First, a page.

Increasing Turkey Egg
Production and Reproductive Efficiency
As a result of selective breeding strategies
to increase turkey production in recent decades,
turkeys' growth rates and body size have
been maximized at the expense of their reproductive
efficiency. Turkeys currently have the shortest
reproductive cycle and produce the fewest
eggs of any poultry species.
Commercial turkey breeders rely on management
procedures to extend turkey hens' egg-laying
period and discourage nesting and incubation.
The breeders have found it increasingly difficult,
however, to identify and manage nesting hens
in commercial operations that typically consist
of 20,000 to 30,000 hens per flock. Current
management procedures are time-consuming,
labor-intensive, and only moderately effective
in forestalling the onset of nesting behavior
and subsequent drops in egg production.
With funding from the National Research
Initiative (NRI) Competitive Grants Program,
researchers at the University of Minnesota
are investigating physiological factors that
control nesting behavior in turkeys. The
scientists have discovered that elevated
circulating concentrations of the hormone
prolactin inhibit hens' ovarian function,
stimulate nesting behavior, and decrease
With the long-term goal of increasing egg
production by controlling amounts of circulating
prolactin, the investigators have undertaken
additional studies to learn more about the
physiological factors regulating prolactin
synthesis and release. The regulatory mechanisms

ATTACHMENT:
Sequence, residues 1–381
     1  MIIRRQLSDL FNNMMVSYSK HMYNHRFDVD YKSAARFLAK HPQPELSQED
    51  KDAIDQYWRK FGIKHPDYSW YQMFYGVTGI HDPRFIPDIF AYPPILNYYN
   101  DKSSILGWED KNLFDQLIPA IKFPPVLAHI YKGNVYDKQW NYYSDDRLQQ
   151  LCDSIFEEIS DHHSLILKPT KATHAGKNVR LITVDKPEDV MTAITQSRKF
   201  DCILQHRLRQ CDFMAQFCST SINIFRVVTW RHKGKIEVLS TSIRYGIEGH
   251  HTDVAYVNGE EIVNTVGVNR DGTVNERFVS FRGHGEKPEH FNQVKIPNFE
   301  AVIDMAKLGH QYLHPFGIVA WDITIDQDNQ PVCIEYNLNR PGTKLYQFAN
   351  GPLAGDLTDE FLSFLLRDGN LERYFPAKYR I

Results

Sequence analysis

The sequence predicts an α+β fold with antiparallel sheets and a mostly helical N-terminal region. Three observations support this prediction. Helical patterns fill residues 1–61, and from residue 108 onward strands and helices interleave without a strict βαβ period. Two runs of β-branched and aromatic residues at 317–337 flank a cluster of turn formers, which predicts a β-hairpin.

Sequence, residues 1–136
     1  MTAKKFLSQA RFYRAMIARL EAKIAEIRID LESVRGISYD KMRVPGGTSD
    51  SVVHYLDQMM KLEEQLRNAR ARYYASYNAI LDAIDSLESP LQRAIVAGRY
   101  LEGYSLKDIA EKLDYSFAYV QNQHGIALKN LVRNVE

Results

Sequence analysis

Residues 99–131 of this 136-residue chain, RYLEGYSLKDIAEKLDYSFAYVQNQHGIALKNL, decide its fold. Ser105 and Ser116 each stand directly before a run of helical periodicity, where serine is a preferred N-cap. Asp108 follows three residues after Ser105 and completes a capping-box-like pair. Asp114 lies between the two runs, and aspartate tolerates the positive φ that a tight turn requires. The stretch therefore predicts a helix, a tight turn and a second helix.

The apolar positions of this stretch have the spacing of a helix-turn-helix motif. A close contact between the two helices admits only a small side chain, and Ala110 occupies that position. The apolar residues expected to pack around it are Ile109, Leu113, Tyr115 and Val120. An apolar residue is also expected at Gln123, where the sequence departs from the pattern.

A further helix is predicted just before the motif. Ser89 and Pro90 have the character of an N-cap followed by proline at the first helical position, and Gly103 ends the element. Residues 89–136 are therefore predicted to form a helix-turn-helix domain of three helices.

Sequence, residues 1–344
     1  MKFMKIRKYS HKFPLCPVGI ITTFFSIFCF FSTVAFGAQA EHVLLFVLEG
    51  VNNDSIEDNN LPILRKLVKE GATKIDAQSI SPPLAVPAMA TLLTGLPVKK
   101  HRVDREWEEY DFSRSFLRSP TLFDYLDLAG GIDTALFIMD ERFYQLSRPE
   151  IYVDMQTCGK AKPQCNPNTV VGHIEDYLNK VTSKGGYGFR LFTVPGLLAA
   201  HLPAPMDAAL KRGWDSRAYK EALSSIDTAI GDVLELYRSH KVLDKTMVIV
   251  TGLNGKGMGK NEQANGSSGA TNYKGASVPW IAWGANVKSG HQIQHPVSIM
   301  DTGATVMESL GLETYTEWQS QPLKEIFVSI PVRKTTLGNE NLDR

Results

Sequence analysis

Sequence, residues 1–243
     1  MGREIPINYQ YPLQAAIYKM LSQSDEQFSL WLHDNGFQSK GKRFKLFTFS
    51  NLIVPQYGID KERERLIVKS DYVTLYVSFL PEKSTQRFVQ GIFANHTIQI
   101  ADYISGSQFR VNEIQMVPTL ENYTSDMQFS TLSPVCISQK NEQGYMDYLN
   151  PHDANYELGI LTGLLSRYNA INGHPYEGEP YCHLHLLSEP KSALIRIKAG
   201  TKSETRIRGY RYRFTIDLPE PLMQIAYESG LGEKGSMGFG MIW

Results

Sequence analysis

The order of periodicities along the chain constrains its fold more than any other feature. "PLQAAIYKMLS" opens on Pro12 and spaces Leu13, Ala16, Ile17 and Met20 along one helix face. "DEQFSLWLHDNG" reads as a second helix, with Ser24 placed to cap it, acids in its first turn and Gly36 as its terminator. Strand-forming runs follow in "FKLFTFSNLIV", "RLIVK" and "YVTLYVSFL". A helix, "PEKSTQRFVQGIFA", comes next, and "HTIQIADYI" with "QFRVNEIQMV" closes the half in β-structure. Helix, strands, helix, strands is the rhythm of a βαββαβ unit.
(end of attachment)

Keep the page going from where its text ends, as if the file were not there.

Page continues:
governing secretion of prolactin have been
shown to involve the hypothalamus (a region
of the brain) and the pituitary gland.
The scientists have developed sophisticated
surgical techniques to collect blood from
tiny vessels connecting the hypothalamus
and the pituitary gland. These blood vessels
transport a crucial hormone vasoactive intestinal
peptide (VIP)from the hypothalamus
to the pituitary gland.
Although the neuromechanisms regulating
reproductive behavior are not yet clearly
understood, VIP is a known physiological
stimulator of prolactin secretion in turkeys.
Studies have demonstrated, for example, that
turkeys displaying nesting behavior have
elevated brain levels of the hormone.
The University of Minnesota scientists have
designed a strategy to "immunize" turkeys
against the effects of VIP by injecting them
with additional VIP. This causes the turkeys'
immune systems to generate antibodies against
The antibodies neutralize the effects of
VIP on the reproductive system, thereby decreasing
circulating concentrations of prolactin,
decreasing nesting behavior, and increasing
egg production. In two recent studies, immunization
of turkey hens against VIP resulted in a
production increase of more than 30 eggs
per hen during a 21-week period.
The potential of VIP immunization to increase
turkey egg production is clear. Researchers
currently are seeking ways to generate large
quantities of pure VIP through genetic engineering
and recombinant DNA technology.
The scientists recently isolated the gene
encoding VIP in turkeys and have initiated
studies to determine whether recombinant
turkey VIP will prevent nesting behavior
in turkey hens and increase egg production
as effectively as the natural VIP. The results
of this research are expected to help benefit
the turkey indus try and, ultimately, the
consumer by helping growers increase avian
reproductive efficiency and egg production.
Back to Animal Reproduction Home Page